by Michael McKay
Almost every day, we hear about phone scammers who are targeting people on the sexual offense registry. The incidents, which reportedly got their start a few years ago in Texas, are now being reported in increasing numbers all over the country. The frequency of incidents and their widening geographical reach is an ominous indicator that enough registrants are being taken advantage of that the scheme continues to be profitable for the perpetrators.
In a nutshell, the phone scam starts with a phone call from someone who claims to be a law enforcement officer. The caller ID will often show a number that corresponds to a real local law enforcement agency, since the scammers use special software to “spoof” the caller ID. He sounds professional and is very convincing. So convincing, in fact, that it’s been theorized by many that at least some of the scammers may be former or currently serving but corrupt law enforcement officers.
He tells you that you are out of compliance in some way and that there is a warrant out for your arrest. He gauges your initial reaction, and if it isn’t sufficiently panicky, the phony cop often becomes belligerent in an effort to ratchet up your emotions. Then, he offers a quick solution to your little “problem.” All you have to do is pay a large sum of money (anywhere from $300 to $5000) to make it all just go away.
Sometimes, it’s framed as a fine. Other times, a fee or a surety bond. However the scammer frames it, the bottom line is, it’s extortion. To assure his own anonymity, the scammer instructs you to purchase a gift card or pre-paid debit card and then read the access codes to him over the phone. That allows him to pocket your money without ever having to reveal his real identity or location.
It’s usually at this point that most people realize it’s a scam. After all, what real-world court demands that you pay your fines and fees with Amazon or iTunes gift cards? But fear makes us believe and do crazy things. Even if we assume that only one registrant in twenty actually falls for the scheme, the potential pay-off for this criminal enterprise is enormous.
One of the most frustrating things about this scam is the fact that the scammers could be operating from anywhere in the world. The ability to spoof the caller ID and the wide availability of cheap and anonymous internet-based phone services means “tracing the call” is usually impossible. Even in the rare instances where an IP address can be traced, it usually turns out to be originating from another state or a foreign country, which means it is outside the jurisdiction of the local law enforcement agency you’d likely report the incident to.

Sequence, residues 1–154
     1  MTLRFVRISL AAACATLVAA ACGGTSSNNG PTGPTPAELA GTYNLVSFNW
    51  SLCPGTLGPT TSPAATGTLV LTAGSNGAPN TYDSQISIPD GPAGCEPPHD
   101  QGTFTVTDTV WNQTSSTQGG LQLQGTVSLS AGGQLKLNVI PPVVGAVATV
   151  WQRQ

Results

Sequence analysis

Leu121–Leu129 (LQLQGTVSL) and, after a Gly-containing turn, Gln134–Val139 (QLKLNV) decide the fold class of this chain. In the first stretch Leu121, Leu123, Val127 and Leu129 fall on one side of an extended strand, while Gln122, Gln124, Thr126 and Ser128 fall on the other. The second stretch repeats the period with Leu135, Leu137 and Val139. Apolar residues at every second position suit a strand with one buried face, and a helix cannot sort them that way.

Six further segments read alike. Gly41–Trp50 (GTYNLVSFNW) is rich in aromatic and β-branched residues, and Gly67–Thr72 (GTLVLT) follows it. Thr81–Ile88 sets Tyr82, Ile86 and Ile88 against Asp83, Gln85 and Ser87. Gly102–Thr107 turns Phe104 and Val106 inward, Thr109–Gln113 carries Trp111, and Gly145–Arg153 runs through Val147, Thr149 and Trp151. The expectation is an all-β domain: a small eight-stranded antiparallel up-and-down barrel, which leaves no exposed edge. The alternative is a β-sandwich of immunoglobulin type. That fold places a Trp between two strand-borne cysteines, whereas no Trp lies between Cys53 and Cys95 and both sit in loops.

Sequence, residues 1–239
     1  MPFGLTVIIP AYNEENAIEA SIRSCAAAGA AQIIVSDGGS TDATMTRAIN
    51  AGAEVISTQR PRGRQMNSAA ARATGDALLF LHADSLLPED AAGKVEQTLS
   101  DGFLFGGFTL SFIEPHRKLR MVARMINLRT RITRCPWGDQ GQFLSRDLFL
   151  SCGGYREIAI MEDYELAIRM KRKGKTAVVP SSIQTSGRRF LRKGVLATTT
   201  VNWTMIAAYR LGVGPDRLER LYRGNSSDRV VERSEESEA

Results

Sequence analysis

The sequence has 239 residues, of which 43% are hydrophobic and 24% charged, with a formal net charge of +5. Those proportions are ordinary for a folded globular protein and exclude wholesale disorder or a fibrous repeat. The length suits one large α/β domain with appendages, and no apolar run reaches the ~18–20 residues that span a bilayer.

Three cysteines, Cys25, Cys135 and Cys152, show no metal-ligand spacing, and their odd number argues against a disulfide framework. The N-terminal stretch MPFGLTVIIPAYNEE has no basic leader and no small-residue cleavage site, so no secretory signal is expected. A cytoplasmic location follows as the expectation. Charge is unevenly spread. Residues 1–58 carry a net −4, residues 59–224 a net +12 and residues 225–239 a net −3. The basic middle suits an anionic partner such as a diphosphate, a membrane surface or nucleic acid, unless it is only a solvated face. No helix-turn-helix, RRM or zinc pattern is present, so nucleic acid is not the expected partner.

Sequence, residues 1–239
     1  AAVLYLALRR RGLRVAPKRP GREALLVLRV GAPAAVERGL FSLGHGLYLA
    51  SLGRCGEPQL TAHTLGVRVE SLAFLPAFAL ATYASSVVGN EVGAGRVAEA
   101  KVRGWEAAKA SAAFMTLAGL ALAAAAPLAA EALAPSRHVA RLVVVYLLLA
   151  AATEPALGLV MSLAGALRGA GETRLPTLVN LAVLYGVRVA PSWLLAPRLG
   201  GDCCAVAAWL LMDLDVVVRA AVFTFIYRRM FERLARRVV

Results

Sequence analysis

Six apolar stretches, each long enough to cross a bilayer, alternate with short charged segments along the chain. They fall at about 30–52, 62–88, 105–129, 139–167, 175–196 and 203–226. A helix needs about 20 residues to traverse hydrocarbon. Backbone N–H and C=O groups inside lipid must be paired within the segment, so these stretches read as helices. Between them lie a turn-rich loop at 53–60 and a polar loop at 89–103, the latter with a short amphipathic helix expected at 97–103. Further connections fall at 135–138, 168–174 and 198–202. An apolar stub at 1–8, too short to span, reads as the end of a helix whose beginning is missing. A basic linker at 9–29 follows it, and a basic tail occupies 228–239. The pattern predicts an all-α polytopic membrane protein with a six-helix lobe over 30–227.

Having a phony cop threaten you over the telephone can be frightening enough, but what happens when a scammer shows up at your front door? As unlikely as that may sound, it has happened to a handful of registrants across the country and, unfortunately, it has happened to me, as well. More accurately, it happened not to me, but to my spouse while I was incarcerated and it happened not once, but on three separate occasions.
The first involved a person claiming to be my parole or probation officer. Since I had not yet been convicted of any crime, the validity of that claim would certainly be very suspect to anyone who knows anything about the federal court system. Unfortunately, my spouse wasn’t (and still isn’t) one of those people. She was too rattled to ask for identification and probably wouldn’t have known what to look for even if she had. But to her credit, she had the good sense to not allow the person into the house and refused to let the person push her around. She eventually just slammed the door in his face.
The second incident involved two people claiming to be plain-clothes police officers. Despite the fact that my wife is at her core a suspicious person, she was at first inclined to believe them… at least until they started demanding money from her. Anyone who knows my wife knows that she can be the sweetest person on the planet, at least until you start talking about money. If money is involved, all I can do is channel Mr. T in saying, “I pity the fool that gets between my wife and her money.” She sent them packing.
The third incident was the most baffling of the three. It occurred while I was still being held in a county jail some 200 miles from home awaiting sentencing. A strange woman appeared at our front door claiming to be carrying my “love child” and demanding money from my wife. Since both I and my wife had many years previously taken the surgical steps necessary to ensure that such a thing could never happen, the only thing this woman got was a painful scolding and heaps of ridicule.
I can look back now and laugh at some of those incidents, imagining my wife giving the scammers her “don’t mess with a crazy asian lady waving a kitchen knife” routine, but at the time, we honestly didn’t know what was real and what wasn’t. We perceived every little thing as a potential threat and our family and friends all felt incredibly vulnerable. As a result, we’ve since installed a state-of-the-art security system and treat every phone call or unfamiliar visitor as a potential risk.
It really is unfortunate that we feel such precautions are necessary, but it is our new reality. Our own government has put our address on a public blacklist knowing full well that scammers, vigilantes, and mentally unbalanced individuals won’t hesitate to use that information to bring harm to us. The question I’d love to hear someone answer is a simple one:
How does terrorizing my family or turning them into crime victims make society any safer?